« Back to Facilities Management Grounds Management Category Home

Early Detection, Effective Repairs Keys to Parking Structure Maintenance

Facility managers with institutional and commercial facilities are often responsible for maintenance of parking structures. Made of concrete and steel, these multi-level hubs provide visitors and their vehicles with shelter from the elements and often provide access to housing or office space. But protecting the structures themselves from the constant onslaught of environmental stressors and wear-and-tear comes with its own set of challenges.

Vehicles regularly entering parking garages leave behind water, oil and muck, not to mention salt and deicers tracked in during winter that can corrode a structure's concrete and steel support system.

An ineffective maintenance routine on a parking structure can quickly lead to costly repairs and restorations that can be disruptive to tenants and cause unexpected costs and safety concerns.

"Essentially, the goal of parking garage maintenance is to keep water and corrosives away from the garage's reinforcing steel," says Carter Pogue, sales/project manager with Western Specialty Contractors. "The damaging and compounding cycle of water infiltration never gets better on its own, and the longer that warning signs are ignored, the more serious and costly the repairs can become."

All types of parking structures — the three most common types being double-tee precast, conventional, and post-tensioned — are subject to deterioration. Western Specialty Contractors' experts have identified five key indicators that a parking garage needs preventive maintenance:

Water leakage. Leaking water is a clear sign a parking garage needs repair. The longer the condition is left unattended, the more expensive the consequences can become. Three indicators of water leaks are: exposed metals rusting, rust stains along the walls, and efflorescence.

Ponding water. Water and parking garages do not mix well, so standing water is obviously an issue. A simple drain installation or protective waterproof membrane will prevent future, larger problems.

Expansion joint failure. Failed expansion joints provide another avenue for water to penetrate and reach the reinforcing steel and T-to-T connector plates. Repairing expansion joints is much simpler than resolving issues created by corroded reinforcing steel and connector plates. Detecting expansion joint problems and reacting quickly to make repairs will be beneficial in the long run. Wear at the T-to-T joints, expansion joint failure, and flange connection deterioration are commonly found in double-tee precast structures.

Delamination, spalling, and horizontal and vertical cracks. Concrete is bound to crack at some locations. Delaminated or spalled concrete occurs when a piece of concrete detaches from the structure. Along with delaminating and spalling, vertical and horizontal cracks in the concrete also represent threatening areas of weakness. These issues are problematic because they can lead to structural damage by allowing water to reach the garage's reinforcing steel. This type of damage is commonly seen on post-tensioned and conventional cast-in-place concrete parking garages.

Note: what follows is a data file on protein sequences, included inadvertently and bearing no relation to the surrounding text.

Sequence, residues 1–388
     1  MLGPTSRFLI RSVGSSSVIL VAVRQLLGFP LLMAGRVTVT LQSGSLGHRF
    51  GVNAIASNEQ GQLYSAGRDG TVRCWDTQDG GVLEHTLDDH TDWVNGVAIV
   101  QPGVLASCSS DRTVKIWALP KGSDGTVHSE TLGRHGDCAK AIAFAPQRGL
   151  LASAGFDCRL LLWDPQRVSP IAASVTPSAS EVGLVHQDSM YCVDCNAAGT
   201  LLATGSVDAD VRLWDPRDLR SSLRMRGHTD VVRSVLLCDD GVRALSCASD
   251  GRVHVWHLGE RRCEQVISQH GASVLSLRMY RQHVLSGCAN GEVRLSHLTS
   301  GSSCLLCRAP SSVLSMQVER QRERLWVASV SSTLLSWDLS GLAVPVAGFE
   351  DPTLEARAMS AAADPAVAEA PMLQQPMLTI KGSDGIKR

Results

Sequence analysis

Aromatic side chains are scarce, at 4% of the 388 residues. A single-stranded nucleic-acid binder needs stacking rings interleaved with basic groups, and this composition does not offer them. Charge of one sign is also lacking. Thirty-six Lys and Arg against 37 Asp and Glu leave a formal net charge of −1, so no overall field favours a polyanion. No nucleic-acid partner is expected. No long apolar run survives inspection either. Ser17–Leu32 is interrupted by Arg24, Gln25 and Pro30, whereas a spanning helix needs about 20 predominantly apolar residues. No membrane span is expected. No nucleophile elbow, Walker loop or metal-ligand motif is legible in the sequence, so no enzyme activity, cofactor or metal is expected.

Exposed rebar. If reinforcing steel can be seen, there is a problem that deserves swift attention. When rebar is introduced to water, it corrodes and expands up to eight times its original size. This condition usually is the result of a crack in the concrete that allows water to travel through and reach the rebar. The force of the expanding rebar causes more damage to the concrete around it, which creates greater access for water and more corrosion. It is imperative to stop this compounding cycle as soon as possible.

An experienced concrete maintenance and restoration specialist, such as Western Specialty Contractors, is recommended to identify specific problem areas and hazards within the garage and to recommend a repair plan and maintenance schedule that will:

• delay or avoid costly restoration
• decrease liabilities
• retain ideal parking volume and rates
• adhere to local permitting guidelines
• maintain the property's value.

"Recent strides in technology have provided new and effective ways to extend the life of parking structures," Pogue says. "These advances consist of conventional means, including better coatings and sealants, as well as all new methods of handling challenging concrete repairs."

Parking structure restoration services can include:

• concrete repair and replacement
• structural repairs
• expansion joint installation/replacement
• clear sealer application
• deck coating installation
• post-tension repair for strand and button-head systems
• epoxy injection
• chemical grout injection
• fiber-reinforced polymer systems
• cathodic protection
• shotcrete — spray applied concrete
• sacrificial galvanic anodes.

About Western Specialty Contractors: Family-owned and operated for more than 100 years, Western Specialty Contractors is the nation’s largest specialty contractor in masonry and concrete restoration, waterproofing and specialty roofing. Western offers a nationwide network of expertise that building owners, engineers, architects and property managers can count on to develop cost-effective, corrective measures that can add years of useful life to a variety of structures. These include industrial, commercial, healthcare, historic, educational and government buildings, parking structures and sports stadiums. Western is headquartered in St. Louis and has more than 30 branch offices nationwide and employs more than 1,200 professionals who offer the best, time-tested techniques and innovative technology. For more information about Western Specialty Contractors, visit www.westernspecialtycontractors.com.

Contact FacilitiesNet Editorial Staff »  

posted on 8/9/2017